What happened 5 years after PH phased out incandescent bulbs?

Replacing 1 million incandescent bulbs with CFLs for about $1 million, I pointed out, would save up to 50 megawatts (MW) of power, or the equivalent of building a $50 million power station (not including maintenance, land acquisition, fuel and emissions).

With the support of the late former Energy Secretary Angelo Reyes, we were able to persuade then President Gloria Macapagal Arroyo to make the Philippines the first Asian country to phase out incandescent bulbs by 2010. The Asian Development Bank (ADB) then agreed to finance part of a $46 million project to distribute over 10 million compact fluorescent light bulbs and change most traffic lights to LEDs. According to the Department of Energy (DOE), this has saved about 200 MW of power since 2009.

COMPARE AND CONTRAST. What's the difference between incandescent bulbs and CFLs? Graphics from ADB

COMPARE AND CONTRAST.

What's the difference between incandescent bulbs and CFLs? Graphics from ADB

The project had many implementation challenges, but last week I felt inside my heart that all the effort was worth it because it contributed to bringing down the number of incandescent bulbs from 180 million units a year in 2007 to almost zero in just 8 years. Now, most countries have followed the example of the Philippines, not through complicated laws as we thought would be the only way back then but because the market simply doesn’t buy inefficient incandescent bulbs anymore.
 
This was a small battle for me, Alex Ablaza, and Raquel Huliganga of the Philippine Department of Energy, as well as Undersecretary Loreta Ayson and Tom Crouch, Neeraj Jain and Anthony Jude from ADB who supported us all the way.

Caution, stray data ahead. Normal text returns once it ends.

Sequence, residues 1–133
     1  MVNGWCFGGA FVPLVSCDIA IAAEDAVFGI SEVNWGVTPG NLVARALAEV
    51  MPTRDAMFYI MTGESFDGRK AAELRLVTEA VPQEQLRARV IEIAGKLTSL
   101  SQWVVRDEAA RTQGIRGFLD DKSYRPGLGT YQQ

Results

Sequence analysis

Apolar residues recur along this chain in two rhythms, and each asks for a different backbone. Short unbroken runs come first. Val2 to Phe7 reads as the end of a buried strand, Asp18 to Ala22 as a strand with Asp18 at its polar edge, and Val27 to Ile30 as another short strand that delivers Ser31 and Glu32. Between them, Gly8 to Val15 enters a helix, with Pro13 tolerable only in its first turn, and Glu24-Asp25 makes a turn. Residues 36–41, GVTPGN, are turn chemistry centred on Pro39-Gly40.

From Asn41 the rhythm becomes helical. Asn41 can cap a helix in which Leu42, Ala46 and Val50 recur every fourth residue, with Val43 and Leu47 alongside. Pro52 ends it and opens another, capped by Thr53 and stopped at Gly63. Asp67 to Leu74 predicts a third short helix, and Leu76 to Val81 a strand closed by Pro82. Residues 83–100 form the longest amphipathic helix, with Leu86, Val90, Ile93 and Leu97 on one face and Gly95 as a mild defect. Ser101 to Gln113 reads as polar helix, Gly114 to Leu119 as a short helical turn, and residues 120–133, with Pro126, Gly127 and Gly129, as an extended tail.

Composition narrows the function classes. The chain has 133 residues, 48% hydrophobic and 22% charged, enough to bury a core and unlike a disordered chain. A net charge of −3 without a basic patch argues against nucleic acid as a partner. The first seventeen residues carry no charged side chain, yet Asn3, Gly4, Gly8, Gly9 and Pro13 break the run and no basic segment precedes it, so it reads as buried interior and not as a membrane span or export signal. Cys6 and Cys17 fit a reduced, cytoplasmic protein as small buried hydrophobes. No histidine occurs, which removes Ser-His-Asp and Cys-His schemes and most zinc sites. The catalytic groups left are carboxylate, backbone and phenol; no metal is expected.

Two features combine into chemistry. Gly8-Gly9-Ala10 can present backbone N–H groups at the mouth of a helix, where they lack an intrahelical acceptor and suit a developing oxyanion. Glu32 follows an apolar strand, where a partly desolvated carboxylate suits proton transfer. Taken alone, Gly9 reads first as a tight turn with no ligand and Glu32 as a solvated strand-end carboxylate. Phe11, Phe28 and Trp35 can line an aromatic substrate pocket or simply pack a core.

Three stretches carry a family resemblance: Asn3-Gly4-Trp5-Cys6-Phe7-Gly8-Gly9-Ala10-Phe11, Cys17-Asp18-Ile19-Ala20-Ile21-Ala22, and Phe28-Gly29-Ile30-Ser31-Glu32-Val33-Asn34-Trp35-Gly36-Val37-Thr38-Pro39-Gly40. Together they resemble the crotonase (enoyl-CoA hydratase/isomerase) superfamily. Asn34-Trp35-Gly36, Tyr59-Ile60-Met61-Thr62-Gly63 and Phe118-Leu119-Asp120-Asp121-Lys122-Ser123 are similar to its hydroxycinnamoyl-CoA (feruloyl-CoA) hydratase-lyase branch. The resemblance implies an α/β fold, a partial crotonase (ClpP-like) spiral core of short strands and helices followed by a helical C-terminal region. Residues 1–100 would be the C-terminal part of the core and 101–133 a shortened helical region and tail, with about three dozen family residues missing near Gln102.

The process involved many frustrating hours of discussions and meeting before project approval, including my presentation to the National Economic and Development Authority (NEDA) facing President Arroyo.

While it was nerve-wracking, it was worth it. Now, an average household in the Philippines is not forced to buy the cheapest form of an obsolete technology, which costs way more, because they don’t know better. Now, they finally have a choice.

We all know there is never a wrong time to do or say the right thing, but often it’s not easy, though. As professionals, we pick many battles; some we win, some we lose. A battle against the establishment — power suppliers, producers, systems, processes and procedures — brings mixed blessings. If we don't celebrate these little wins, we will go down deep in frustration.
 
Believing in something with conviction does produce results in the long term. Our battles, small or large, define who we are and what we believe in. And a little win like this will give me the energy to fight many more battles they are worth the cause.

Energy efficiency, solar power and electric vehicles are the key solutions to mankind's fight against climate change. So a new battle is on! - Rappler.com

Sohail Hasnie is a Principal Energy Specialist with ADB’s Central and West Asia Regional Department. He is a firm believer that the solution to climate change lies in new technology, and has applied new technology to ADB projects in Afghanistan, Cambodia, PRC, India, Indonesia, Malaysia and Mongolia, among other Asian countries. 

This submission first appeared on Asian Development Blog